State Watch

Boston removes statue of slave kneeling before Lincoln

A statue of a freed slave kneeling at the feet of Abraham Lincoln was removed from downtown Boston early Tuesday.

The Emancipation Memorial featuring the former president was taken down by city workers where it has stood near Boston Common since 1879, The Associated Press reported.

The bronze statue is inscribed with the text: “A race set free and the country at peace. Lincoln rests from his labors.”

The statue was reportedly inspired in part by Archer Alexander, a Black man who escaped slavery and went on to help the Union Army. He was the last man recaptured under the Fugitive Slave Act of 1850.

The Boston Arts Commission in July voted to remove the statute from public grounds over criticism that it misrepresented complex U.S. history and minimized Black Americans’ role in the abolition movement and Civil War.

Many objected to the optics of a Black man kneeling in broken shackles before a white emancipator.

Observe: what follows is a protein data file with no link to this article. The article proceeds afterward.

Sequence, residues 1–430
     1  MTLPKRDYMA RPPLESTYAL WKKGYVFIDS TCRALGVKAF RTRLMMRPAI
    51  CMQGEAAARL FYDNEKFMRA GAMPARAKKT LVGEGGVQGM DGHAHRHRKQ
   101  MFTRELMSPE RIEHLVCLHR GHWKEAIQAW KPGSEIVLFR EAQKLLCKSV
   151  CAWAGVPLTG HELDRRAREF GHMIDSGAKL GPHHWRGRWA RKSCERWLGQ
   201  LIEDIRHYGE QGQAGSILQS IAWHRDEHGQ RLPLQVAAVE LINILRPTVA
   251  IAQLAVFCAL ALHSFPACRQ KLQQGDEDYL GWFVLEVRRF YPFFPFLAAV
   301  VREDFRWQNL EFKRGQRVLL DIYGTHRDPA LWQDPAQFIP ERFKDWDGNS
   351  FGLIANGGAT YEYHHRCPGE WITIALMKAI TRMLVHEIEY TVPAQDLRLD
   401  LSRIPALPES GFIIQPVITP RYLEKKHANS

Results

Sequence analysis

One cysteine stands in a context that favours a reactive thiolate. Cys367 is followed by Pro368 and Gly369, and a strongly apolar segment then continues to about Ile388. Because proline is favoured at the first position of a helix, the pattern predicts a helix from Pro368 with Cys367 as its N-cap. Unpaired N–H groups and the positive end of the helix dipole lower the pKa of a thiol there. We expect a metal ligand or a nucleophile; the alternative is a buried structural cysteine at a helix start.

“After engaging in a public process, it’s clear that residents and visitors to Boston have been uncomfortable with this statue, and its reductive representation of the Black man’s role in the abolitionist movement,” Boston Mayor Marty Walsh (D) said in the statement at the time.

More than 12,000 people signed a petition over the summer from Boston artist Tory Bullock calling for the statue to be removed.

The monument was installed in Boston because its white creator, Thomas Ball, lived there. A white politician and circus showman named Moses Kimball financed it, according to the AP.

The Boston statue is a copy of the original sculpture that was installed in Washington, D.C., three years earlier. It was built with funds solicited exclusively from freed slaves, according to the National Park Service. Frederick Douglass spoke at the statue’s dedication in 1876.

Del. Eleanor Holmes Norton (D), D.C.’s nonvoting representative in the House, introduced a bill in June calling for it to be removed from the District’s Lincoln Park.

“The designers of the Emancipation Statue in Lincoln Park in DC didn’t take into account the views of African Americans. It shows,” Norton wrote. “Blacks too fought to end enslavement. That’s why I’m introducing a bill to move this statue to a museum.”

Tags Abolitionism Abraham Lincoln Abraham Lincoln American slaves Boston Eleanor Holmes Norton Emancipation Emancipation Memorial Frederick Douglass Martin Walsh Massachusetts Slavery Statue Washington D.C.
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